Most able students find the first year quite easy. Much of it is consolidation of A levels and there is minimal pressure as they normally just have to achieve a pass mark to progress. Second year, split finals are looming, the work load goes up significantly and the pressure is back on. If he is unhappy with marking, this is something he should raise with the staff/student committee or similar. The department should have a policy on feedback (where I worked we had to return essays within 2 weeks).

It should settle down for him. it is very common for students to wobble in the second year. The vast majority go on to complete their third year successfully

UptheChimney Sun 09-Mar-14 11:05:30

A lot of students are unprepared for the step up in intensity & seriousness of 2nd year. The marks count! This can be scary. And academics' expectations that they start to really take on the independent learning we require.

But students need to remember that learning is cumulative and it's a process. And learning is difficult, if you're really pushing yourself. So sometimes students project fear or unhappiness with their achievements onto other things: the course, their tutors, and so on ...

I found my 2nd year the toughest year BUT it was toughness I wanted -- that was why I was at university. I have never been under the illusion that learning complex stuff isn't difficult. Really, what's it worth if it's too easy? The struggle is the learning.

but he's frustrated that he has so much to do that he's not enjoying the subject as much as he was

Personally, I don't get this? What does he mean by "so much to do"? I know I sound like an old fogey, but students don't read enough nowadays. In my first degrees (I did two overlapping) we read at least one substantial text each week, plus other stuff -- usually a big novel, and a philosophical text or work of history, or the equivalent. So I really don't buy the "too much to read." That's generally what students are at university to do.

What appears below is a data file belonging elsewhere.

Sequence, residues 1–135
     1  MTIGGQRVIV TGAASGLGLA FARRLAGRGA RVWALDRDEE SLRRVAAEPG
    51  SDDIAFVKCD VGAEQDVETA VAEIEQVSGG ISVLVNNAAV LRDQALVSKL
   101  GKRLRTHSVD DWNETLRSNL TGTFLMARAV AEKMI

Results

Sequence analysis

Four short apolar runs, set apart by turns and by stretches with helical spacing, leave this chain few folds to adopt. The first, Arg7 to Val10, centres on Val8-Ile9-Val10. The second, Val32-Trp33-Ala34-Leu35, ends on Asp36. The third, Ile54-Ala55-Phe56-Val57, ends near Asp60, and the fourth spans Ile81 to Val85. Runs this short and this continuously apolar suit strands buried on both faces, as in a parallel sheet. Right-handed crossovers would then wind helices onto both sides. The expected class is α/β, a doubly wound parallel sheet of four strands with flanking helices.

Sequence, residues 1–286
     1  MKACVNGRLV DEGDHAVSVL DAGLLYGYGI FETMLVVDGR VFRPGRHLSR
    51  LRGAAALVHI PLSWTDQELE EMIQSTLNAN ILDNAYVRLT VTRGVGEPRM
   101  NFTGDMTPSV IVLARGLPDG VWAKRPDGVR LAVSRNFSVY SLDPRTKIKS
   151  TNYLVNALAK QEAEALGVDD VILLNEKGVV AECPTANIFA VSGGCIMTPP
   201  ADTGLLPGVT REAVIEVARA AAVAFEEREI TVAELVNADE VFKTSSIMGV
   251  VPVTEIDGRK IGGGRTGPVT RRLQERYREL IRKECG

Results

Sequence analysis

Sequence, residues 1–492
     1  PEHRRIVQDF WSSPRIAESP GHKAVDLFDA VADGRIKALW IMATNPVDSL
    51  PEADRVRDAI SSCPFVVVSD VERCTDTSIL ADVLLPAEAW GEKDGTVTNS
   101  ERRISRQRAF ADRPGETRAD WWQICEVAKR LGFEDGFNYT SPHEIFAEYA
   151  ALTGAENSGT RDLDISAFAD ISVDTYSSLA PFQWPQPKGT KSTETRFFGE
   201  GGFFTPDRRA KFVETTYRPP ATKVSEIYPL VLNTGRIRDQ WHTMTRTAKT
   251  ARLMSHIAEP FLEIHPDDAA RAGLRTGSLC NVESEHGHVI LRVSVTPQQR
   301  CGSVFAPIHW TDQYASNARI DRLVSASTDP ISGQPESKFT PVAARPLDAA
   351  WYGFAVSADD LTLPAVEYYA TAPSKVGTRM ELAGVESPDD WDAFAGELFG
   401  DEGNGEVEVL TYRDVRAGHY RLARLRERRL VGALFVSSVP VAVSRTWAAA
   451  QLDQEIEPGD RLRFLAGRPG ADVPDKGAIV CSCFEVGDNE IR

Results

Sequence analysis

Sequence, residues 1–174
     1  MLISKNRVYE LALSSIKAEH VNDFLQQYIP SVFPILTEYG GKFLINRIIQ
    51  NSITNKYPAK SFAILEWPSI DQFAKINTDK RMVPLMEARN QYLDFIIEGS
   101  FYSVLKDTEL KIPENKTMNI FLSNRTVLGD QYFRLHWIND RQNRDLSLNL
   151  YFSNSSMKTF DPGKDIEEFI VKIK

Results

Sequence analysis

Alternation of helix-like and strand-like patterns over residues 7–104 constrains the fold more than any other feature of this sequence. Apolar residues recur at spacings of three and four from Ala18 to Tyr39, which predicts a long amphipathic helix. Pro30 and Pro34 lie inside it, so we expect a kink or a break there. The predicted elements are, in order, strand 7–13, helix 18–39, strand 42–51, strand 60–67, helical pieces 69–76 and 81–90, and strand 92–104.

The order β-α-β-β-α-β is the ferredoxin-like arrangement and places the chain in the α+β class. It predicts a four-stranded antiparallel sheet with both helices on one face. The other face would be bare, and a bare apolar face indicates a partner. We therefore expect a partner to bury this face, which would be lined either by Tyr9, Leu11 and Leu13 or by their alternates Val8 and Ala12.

As for feedback: I think it's important to work out what any student means by feedback. Do they mean the grade? That's actually not feedback -- that's simply the number.

Feedback comes in many forms: narrative written feedback with returned assessed work, but also feedback in terms of seminar discussions & debates. Often students don't think this way, and they miss out on opportunities for reflexive learning. For example, if you participate actively in a stimulating discussion in a seminar, and come away with your brain bubbling with ideas, then that's feedback -- it suggests you're firing on all cylinders and learning actively and your ideas are productive and others engage with them.

And yes, OP, your son can book a personal tutorial any time, or see a tutor in their office hours. This is also feedback.

Also, you use the word "disappointed." What else does he do? Is he pursuing the wonderful opportunities for extra-curricular engagement? I think that extra-curricular excellence is a really significant thing in a "good" university. Or is he able to do some volunteering, an internship, or a work placement?